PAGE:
Updated from 9:38 a.m. EST

A day before the U.S. elects a new president, stocks on Wall Street were experiencing mixed trading Monday, as traders digested news of several merger setbacks prepared for another week full of quarterly

earnings statements

and turned their eyes toward Tuesday's

election

.

The

Dow Jones Industrial Average

was lower by 4.1 points at 9321, and the

S&P 500

was down fractionally at 969. The

Nasdaq

gained 4.8 points to 1726.

Financial-sector turmoil continued to hold investors' attention.

The Wall Street Journal

reported that as many as 1,800 public companies could be signing up for investments by the

Treasury Department

under the

Troubled Asset Relief Program

.

Meanwhile, leveraged-buyout firm

Kohlberg Kravis & Roberts

was delaying plans to come public as the credit crisis hurt its capitalization standing. KKR said in a statement it would hold off on buying Amsterdam-listed

KKR Private Equity

until next year.

Insurance company

Hartford Services Group

(HIG) - Get Report

said in a filing with the

Securities Exchange Commission

that it had more than enough capital to keep its double-A credit rating at year-end.

In other merger news,

The Detroit News

reported that

Cerberus Capital

, which owns

Chrysler

, has ceased discussions with

Nissan-Renault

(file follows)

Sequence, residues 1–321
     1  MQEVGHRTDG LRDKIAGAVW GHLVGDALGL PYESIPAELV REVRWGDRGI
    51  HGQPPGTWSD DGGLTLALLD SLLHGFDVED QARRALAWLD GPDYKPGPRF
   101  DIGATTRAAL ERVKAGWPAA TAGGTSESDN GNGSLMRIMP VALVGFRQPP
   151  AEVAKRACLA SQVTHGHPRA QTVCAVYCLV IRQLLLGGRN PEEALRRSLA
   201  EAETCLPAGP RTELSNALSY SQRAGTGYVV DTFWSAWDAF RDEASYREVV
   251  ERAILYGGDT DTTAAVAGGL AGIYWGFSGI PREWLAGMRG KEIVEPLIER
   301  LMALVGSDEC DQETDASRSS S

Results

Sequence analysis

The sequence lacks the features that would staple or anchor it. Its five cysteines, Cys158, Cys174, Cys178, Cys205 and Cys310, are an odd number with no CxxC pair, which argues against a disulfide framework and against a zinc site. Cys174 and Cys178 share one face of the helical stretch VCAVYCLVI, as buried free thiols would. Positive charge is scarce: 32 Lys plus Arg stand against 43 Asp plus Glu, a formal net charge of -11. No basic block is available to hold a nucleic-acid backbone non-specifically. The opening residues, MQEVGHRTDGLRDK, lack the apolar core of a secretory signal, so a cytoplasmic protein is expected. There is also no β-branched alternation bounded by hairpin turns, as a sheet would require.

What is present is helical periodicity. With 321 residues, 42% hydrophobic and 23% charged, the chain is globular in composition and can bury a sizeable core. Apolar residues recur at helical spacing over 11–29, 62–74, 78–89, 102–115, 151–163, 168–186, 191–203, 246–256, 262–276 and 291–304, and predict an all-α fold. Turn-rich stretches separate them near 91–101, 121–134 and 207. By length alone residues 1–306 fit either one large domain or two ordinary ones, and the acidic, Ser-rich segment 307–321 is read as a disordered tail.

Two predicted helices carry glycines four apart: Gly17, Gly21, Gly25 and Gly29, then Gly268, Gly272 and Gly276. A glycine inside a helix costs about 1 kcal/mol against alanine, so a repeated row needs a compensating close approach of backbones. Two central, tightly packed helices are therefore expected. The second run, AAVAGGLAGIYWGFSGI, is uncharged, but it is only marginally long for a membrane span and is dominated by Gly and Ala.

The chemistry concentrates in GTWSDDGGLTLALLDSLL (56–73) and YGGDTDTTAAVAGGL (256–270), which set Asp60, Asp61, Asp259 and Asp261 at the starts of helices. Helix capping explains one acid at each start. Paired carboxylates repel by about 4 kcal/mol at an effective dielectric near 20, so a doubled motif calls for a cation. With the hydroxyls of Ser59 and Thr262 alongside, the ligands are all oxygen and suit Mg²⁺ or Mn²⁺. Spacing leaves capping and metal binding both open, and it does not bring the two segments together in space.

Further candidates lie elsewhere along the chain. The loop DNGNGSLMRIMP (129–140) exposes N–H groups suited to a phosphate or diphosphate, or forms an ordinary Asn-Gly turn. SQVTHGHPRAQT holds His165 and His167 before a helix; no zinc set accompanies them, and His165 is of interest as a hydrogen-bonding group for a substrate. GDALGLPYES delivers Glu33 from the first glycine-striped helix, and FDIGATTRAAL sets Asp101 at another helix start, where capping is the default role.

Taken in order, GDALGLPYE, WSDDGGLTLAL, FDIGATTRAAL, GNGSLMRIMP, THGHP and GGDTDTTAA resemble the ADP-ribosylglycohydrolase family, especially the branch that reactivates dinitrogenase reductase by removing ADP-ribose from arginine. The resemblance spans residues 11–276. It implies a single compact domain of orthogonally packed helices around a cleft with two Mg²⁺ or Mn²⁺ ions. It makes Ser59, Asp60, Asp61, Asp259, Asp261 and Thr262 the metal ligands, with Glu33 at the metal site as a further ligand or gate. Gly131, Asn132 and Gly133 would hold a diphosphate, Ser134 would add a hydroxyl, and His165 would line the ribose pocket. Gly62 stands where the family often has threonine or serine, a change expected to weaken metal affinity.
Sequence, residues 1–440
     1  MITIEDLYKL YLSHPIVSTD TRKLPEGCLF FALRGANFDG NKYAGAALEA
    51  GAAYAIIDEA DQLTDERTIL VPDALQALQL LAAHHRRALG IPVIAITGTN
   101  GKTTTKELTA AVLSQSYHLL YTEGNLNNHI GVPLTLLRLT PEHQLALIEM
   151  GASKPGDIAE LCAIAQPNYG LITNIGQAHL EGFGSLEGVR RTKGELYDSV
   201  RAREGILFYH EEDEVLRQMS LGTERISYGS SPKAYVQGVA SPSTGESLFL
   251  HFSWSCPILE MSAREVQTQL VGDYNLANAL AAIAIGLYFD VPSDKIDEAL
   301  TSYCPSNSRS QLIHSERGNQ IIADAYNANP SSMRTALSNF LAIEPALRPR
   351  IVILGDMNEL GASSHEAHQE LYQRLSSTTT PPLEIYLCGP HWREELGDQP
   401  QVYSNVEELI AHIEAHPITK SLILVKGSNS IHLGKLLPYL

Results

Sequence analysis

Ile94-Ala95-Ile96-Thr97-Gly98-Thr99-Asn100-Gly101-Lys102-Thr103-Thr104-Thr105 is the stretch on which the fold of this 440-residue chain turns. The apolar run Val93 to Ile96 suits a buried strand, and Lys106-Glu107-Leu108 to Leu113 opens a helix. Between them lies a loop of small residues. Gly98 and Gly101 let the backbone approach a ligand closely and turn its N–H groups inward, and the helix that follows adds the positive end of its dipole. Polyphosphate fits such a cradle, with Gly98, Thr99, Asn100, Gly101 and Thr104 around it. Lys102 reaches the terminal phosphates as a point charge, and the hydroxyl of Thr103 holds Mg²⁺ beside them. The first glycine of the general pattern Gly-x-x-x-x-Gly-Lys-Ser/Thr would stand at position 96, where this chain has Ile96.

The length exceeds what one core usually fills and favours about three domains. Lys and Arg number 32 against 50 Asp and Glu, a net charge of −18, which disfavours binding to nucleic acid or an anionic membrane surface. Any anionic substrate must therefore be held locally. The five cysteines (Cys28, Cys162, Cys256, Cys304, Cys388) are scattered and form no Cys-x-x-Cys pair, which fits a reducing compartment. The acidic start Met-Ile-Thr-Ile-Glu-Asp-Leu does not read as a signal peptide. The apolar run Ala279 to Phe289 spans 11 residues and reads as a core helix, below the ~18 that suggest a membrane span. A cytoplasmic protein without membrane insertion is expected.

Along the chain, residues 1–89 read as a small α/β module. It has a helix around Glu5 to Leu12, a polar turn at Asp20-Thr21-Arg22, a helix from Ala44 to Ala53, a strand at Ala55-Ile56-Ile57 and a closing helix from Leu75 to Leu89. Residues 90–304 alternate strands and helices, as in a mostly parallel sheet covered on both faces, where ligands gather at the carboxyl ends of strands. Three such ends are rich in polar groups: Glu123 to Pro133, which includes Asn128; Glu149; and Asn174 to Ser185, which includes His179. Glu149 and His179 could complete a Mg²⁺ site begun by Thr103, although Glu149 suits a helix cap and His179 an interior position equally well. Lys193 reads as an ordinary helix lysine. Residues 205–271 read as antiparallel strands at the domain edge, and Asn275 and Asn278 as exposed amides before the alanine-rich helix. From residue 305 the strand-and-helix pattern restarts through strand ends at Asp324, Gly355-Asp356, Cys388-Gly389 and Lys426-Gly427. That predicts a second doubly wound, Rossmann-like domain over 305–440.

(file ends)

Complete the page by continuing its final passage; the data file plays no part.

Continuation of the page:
because Cerberus intends on merging with

General Motors

(GM) - Get Report

.

Agricultural products maker

Monsanto

(MON)

announced its intent to buy Brazilian firm

Aly Participacoes

for $290 million.

Less fortunate among agricultural names was

Verasun Energy

(VSE)

, which said late Friday it was filing for Chapter 11 bankruptcy protection.

Soft-drink maker

PepsiCo

(PEP) - Get Report

announced it would invest $1 billion in China over the next four years in an effort to gain a foothold in emerging markets.

Airplane manufacturer

Boeing

(BA) - Get Report

announced that a strike by the International Association of Machinists had ended after the company and union signed a four-year contract.

As for earnings, insurer

PMI Group

(PMI)

reported a wider third-quarter loss, and

Goodyear Tire

(GT) - Get Report

announced a decline in quarterly profit.

In terms of economic data, the Census Bureau reported that construction spending for September declined 0.3%, down from a 0.3% increase in August. Economists were expecting spending to decrease by 0.8%. The Institute for Supply Management's October manufacturing index showed a reading of 38.9, down from 43.5 in September and below economists' forecast of 42.

The European Commission also reported that Europe is probably in a recession and will continue to struggle through the next year.

Shifting to commodities, crude oil was losing $1.77 to $66.04 a barrel. Gold was climbing $12.90 to $731.10 an ounce.

Longer-dated U.S. Treasury securities were mixed. The 10-year was up 10/32, yielding 3.93%. The 30-year was dropping 11/32 to yield 4.35%. The dollar was falling vs. the yen but gaining on the euro and pound.

Credit markets were loosening. Three-month dollar Libor, a measure of the rate banks charge one another for large loans, was down 17 basis points to 2.86%. Overnight Libor slipped 2 basis points to 0.39%.

Abroad, European exchanges were mixed, as the FTSE in London lost ground but the Dax held to a fractional gain. In

Asia

, Japan's Nikkei was closed for a holiday, while Hong Kong's Hang Seng finished on the upside.

(

Photo gallery: Trading Faces

)